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50 Things That Made the Modern Economy

50 Things That Made the Modern Economy

Tim Harford tells the fascinating stories of inventions, ideas and innovations which have helped create the economic world.

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Introducing 13 Minutes to the Moon Season 2

Jump on-board a doomed mission to the Moon. Apollo 13: the extraordinary story, told by the people who flew it and saved it. Search for 13 Minutes to the Moon wherever you get your podcasts. #13MinutestotheMoon
2020-03-09
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Gutenberg press

Johannes Gutenberg's printing press changed the course of human history. It created a new way of doing business, drastically reduced the cost and speed of making books, and enabled texts, ideas and arguments to spread further and faster than ever before. So why did he struggle to make money from it?
2020-03-02
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Slot machines

First developed by a toy company in the 1890s, slot machines have become one of the most profitable tools of the gambling trade - but many who play them say winning isn't the point. So why can't people pull themselves away? Tim Harford looks under the spinning wheels and flashing lights to see what these devices reveal about the business of addiction.
2020-02-24
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Chess algorithms

In 1997, Garry Kasparov, widely regarded as the world's greatest chess player, was defeated by Deep Blue, a computer. But how much did that reveal about the 'brainpower' of machines? Tim Harford explains by delving into the history of algorithms. They've been used by mathematicians and scientists for millennia, but have acquired a new level of power and importance in the digital age.
2020-02-17
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Auctions

Are things only worth what people are willing to pay for them? Tim Harford explains why a method of buying and selling that originated in ancient times has endured to the present day, and is now underpinning the success of some of the internet's most powerful brands.
2020-02-10
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Dams

From reliable water supplies to large-scale electricity generation, the benefits brought by dams can be huge. But so can the problems. Tim Harford explains how these massive structures have changed the world for many, but led to catastrophe for others.
2020-02-03
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Tulips

In the 1630s, the Netherlands experienced 'tulip mania' - a surge in demand for tulips from wealthy buyers, with some individual bulbs costing twenty times more than a carpenter's annual salary. Then, in February 1637, the price suddenly crashed. It's often cited as the first great financial bubble, but is that really the case? Tim Harford tries to sort fact from fiction.
2020-01-27
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Sanitary towel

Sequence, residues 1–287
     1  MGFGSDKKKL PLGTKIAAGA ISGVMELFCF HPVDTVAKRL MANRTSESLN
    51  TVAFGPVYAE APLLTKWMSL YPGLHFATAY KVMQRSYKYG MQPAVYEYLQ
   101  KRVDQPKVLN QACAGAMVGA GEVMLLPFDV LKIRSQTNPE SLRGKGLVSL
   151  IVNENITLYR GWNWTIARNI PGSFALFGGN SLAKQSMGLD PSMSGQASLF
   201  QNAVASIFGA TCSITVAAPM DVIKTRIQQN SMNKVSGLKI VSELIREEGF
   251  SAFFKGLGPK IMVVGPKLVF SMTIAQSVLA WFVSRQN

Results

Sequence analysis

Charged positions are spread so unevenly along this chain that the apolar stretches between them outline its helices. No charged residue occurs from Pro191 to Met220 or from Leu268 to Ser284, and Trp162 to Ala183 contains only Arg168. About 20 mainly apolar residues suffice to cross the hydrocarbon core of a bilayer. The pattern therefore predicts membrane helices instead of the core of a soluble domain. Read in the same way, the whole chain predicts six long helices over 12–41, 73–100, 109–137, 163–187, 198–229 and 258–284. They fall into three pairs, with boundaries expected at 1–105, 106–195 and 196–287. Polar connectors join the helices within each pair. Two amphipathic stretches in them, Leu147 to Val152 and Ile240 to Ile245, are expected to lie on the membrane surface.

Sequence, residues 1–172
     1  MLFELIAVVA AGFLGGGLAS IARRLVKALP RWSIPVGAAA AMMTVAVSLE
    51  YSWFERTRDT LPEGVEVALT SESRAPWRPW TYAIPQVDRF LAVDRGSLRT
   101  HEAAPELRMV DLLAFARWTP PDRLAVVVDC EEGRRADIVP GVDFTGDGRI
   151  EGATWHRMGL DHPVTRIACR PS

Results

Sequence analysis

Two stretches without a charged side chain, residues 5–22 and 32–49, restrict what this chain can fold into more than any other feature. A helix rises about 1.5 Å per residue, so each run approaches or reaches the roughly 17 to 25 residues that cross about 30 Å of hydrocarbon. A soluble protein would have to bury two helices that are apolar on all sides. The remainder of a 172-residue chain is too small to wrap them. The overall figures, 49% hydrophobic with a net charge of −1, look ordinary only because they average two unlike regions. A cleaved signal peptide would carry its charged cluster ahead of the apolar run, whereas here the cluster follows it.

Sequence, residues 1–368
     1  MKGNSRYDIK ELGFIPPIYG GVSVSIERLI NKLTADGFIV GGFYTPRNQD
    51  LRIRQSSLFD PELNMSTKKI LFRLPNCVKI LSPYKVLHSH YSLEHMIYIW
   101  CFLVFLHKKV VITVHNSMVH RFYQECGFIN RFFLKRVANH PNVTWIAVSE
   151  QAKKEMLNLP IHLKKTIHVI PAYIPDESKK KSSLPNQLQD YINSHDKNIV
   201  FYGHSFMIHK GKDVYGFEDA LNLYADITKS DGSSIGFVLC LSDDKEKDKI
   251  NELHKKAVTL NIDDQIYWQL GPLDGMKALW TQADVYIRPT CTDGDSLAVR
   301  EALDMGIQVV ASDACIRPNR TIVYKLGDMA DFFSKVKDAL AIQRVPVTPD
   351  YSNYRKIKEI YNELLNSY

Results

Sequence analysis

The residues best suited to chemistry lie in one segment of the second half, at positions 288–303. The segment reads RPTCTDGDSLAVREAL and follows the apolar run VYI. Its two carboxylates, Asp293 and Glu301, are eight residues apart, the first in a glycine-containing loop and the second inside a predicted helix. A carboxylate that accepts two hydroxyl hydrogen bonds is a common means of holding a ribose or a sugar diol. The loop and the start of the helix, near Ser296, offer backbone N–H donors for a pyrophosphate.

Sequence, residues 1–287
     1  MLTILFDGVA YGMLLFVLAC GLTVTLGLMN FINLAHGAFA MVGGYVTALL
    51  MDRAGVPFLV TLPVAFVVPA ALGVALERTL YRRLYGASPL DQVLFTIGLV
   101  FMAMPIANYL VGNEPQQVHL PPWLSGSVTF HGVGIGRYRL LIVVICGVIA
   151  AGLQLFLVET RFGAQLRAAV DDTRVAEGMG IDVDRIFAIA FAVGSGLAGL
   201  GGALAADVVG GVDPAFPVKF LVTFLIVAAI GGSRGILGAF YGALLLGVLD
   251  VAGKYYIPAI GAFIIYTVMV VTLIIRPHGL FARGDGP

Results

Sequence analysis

In the early 20th Century, makers of sanitary towels had to find a way to sell an item that some people found too embarrassing to mention. In some parts of the world, that stigma still hasn't gone away. Tim Harford charts the controversial history of a quietly revolutionary product.
2020-01-20
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Wardian case

Nathaniel Bagshaw Ward's miniature greenhouses made it far easier to successfully transport plants, spreading them far beyond their native lands. But that led to major consequences that Ward hadn't foreseen. Tim Harford tells the story of how glass boxes became powerful weapons in the hands of British colonisers.
2020-01-13
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Fast food franchise

There are more than 36,000 McDonald's restaurants around the world - but if the McDonald brothers had had their way, that might never have happened. Tim Harford tells the story of how milkshake-mixer salesman Ray Kroc turned their burger business into a global giant, and explains the principles that made his franchising model such a success.
2020-01-06
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CCTV

Surveillance cameras were invented so Nazi scientists could observe rocket launches from a safe distance. They've come a long way since then, and are gathering more data about us than ever before. But in a world where millions happily carry smartphones in our pockets, how do we really feel about being watched?
2019-12-30
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Retirement

As populations age, pension systems around the world are coming under strain. Governments, employers and economists are searching for ways to alleviate the problem - but could traditional societies hold some valuable lessons?
2019-12-23
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Santa

Why does Father Christmas wear red and white? It's not for the reason you may think. In an updated version of an episode from 2018, Tim Harford tells the story of Christmas and consumerism.